This week, former Flash editor and writer Brian Augustyn will return to the character he built for over a decade.
From 1989 – 1996, Augustyn was the editor on highly regarded runs by writers William Messner-Loebs and Mark Waid, including the landmark issue #50, “Born to Run,” “The Return of Barry Allen” and “Terminal Velocity.” In 1996, with issue #118, Augustyn joined Waid as co-writer. Save for a year-long break over 1997 – 1998, he would remain on the title until issue #162 (2000).
Augustyn will be joined by artist Mike Bowden on this week’s Retroactive installment. We reached the writer via email and asked about the new issue, his Flash run and the fate of Wally West.
Q: How has it been returning to work on the Flash? Can you tell us anything about the story we’ll see in your Retroactive issue?
BRIAN AUGUSTYN: I love the Flash, and feel very attached to the Wally West version, of course. I set myself a challenge to find a place in my run on the Flash where Wally was unaccounted for so I could place the Retroactive story “between the cracks,” as it were. So my story takes place between the end of “Racing Through Time,” and the middle of the “Dark Flash Saga.” As Wally goes missing he winds up in a strange alternate world, meets a brand new speedster, fights a god-like villain and an old Flash villain. And it all hinges on the Speed Force.
Q: Accounting for your tenures both as editor and co-writer (with Mark Waid), you worked on Flash for right around 11 years. What were the challenges in coming up with a story for the Retroactive issue that you had not already had a hand in telling?
BA: That’s why I was so determined to find a place just outside of continuity where the story could fit. While Wally was missing and presumed dead during those issues, he never explained where he’d been when he returned. Other than that I felt immediately that to fit into that period of Flash stories, there were themes that we relied on and I felt it was only logical to make them part of my one-shot. Those themes were the extensive lineage of speedsters, the unifying mysticism of the Speed Force and Wally and Linda’s love for each other.
Q: What do you think about the way the Wally West character has been handled recently?
BA: I’m sorry to see that he’s been essentially phased out of the DCU, other than that, I always enjoyed what Geoff Johns did with Wally.
Q: A major theme in your Flash work was the importance of Wally West’s relationship with Linda Park. We interviewed Flash artist Paul Ryan, and he made a point to say about these stories, “No matter how cosmic the villain or catastrophic the disaster it all came down to the human experience.” How concerted was the effort to keep a foot in both worlds, to keep Wally West both ultra-powerful and a relatable character?
BA: Mark and my strategy in creating our perspective on Wally was to write him from the inside–that is, write it from his POV and to remember that Wally was a man first, and super being second. As a result, we figured that Wally should find a relationship which would be his human center. It was actually less difficult to do because we knew the characters deeply as a result of that focus.
Q: Another major theme was the aspect of “replacement” Flashes, from John Fox to the “Chain Lightning” story, culminating with the Dark Flash Saga. These, along with Wally’s trial for negligence and his temporary banishment from Keystone City, were fundamental challenges to Wally’s very existence as Flash, both in-story and out. Were these stories designed to strengthen the Wally West character, or to show how far Flash concepts such as legacy, time-travel and family could be taken? Or both/neither?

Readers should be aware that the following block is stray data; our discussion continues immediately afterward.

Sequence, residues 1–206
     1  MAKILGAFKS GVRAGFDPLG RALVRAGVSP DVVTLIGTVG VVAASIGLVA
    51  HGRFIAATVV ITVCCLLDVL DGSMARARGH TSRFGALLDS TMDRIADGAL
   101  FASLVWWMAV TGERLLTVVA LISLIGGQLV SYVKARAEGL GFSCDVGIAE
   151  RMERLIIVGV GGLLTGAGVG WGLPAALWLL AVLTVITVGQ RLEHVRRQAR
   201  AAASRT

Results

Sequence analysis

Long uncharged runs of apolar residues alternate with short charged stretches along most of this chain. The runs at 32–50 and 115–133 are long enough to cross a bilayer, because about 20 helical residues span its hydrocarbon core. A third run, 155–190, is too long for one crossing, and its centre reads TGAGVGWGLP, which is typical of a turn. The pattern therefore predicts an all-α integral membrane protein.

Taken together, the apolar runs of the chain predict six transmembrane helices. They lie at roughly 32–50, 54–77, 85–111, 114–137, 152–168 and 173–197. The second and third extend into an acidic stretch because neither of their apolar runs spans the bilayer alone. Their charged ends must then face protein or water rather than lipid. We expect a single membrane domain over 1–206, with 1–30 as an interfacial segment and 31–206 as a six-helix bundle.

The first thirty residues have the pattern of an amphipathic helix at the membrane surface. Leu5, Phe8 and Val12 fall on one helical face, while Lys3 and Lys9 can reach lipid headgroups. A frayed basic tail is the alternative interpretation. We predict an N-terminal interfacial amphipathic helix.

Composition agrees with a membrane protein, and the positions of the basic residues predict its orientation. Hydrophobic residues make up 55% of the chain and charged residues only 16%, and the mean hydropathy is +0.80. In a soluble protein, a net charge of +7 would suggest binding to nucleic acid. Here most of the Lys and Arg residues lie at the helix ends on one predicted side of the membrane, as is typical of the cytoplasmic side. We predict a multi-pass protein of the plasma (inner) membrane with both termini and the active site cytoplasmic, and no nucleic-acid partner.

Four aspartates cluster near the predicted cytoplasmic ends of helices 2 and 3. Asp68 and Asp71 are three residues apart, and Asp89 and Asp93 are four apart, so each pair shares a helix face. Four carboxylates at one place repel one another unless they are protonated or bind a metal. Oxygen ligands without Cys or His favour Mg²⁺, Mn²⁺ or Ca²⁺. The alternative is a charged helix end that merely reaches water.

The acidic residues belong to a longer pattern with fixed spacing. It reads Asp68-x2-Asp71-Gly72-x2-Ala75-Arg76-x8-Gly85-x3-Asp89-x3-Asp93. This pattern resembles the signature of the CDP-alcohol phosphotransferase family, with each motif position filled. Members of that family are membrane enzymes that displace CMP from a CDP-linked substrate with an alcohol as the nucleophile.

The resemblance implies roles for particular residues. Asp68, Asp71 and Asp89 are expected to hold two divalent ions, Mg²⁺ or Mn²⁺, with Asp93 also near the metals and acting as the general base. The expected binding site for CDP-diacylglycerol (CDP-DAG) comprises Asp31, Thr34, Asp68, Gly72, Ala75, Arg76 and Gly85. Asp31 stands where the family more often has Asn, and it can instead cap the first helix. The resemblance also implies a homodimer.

BA: A lot of those stories were in fact done to explore the human side of superhero stories–writing the character from the inside. We were also gradually growing Wally up–in the early run of the title, Wally was intentionally a shallow jerk. The legacy and unity of the Speedsters, along with the familial nature of the characters, were all part of the humanizing aspect and a shared belief in the connectedness of life in general. Time travel we did because Mark Waid loves time travel stories and it was a unique thing that Flashes do.
Q: Mark Waid has stated he was not approached by DC Comics to do the Retroactive issue, and that he would have agreed to if asked. Given your lengthy collaboration on the character, what was it like to take this look back without Waid? Do you know why DC did not ask him to join you on this issue?
BA: Working with Mark on Flash was some of the most fun I ever had working in comics, and working in comics in general was never less than a blast. We created comics that we would love and challenged each other to stretch and grow constantly. Mark and I also worked hard to make the character ours, to thoroughly understand him down to the bone. We were very connected to the work. As a result of our long-shared love for the characters, comic and our process, I couldn’t write the Flash without in someway still collaborating with Mark. I have no idea why DC didn’t approach Mark, I had been given the impression that they had. Maybe they assumed he was tied up contractually at Marvel or Boom!
Q: Do you know which of your stories will be reprinted?
BA: I asked for the delayed honeymoon issue I did with Scott Kolins (issue #160, I think), but I don’t know if they’re using it. I guess I’ll find out when the issue hits the stands this week.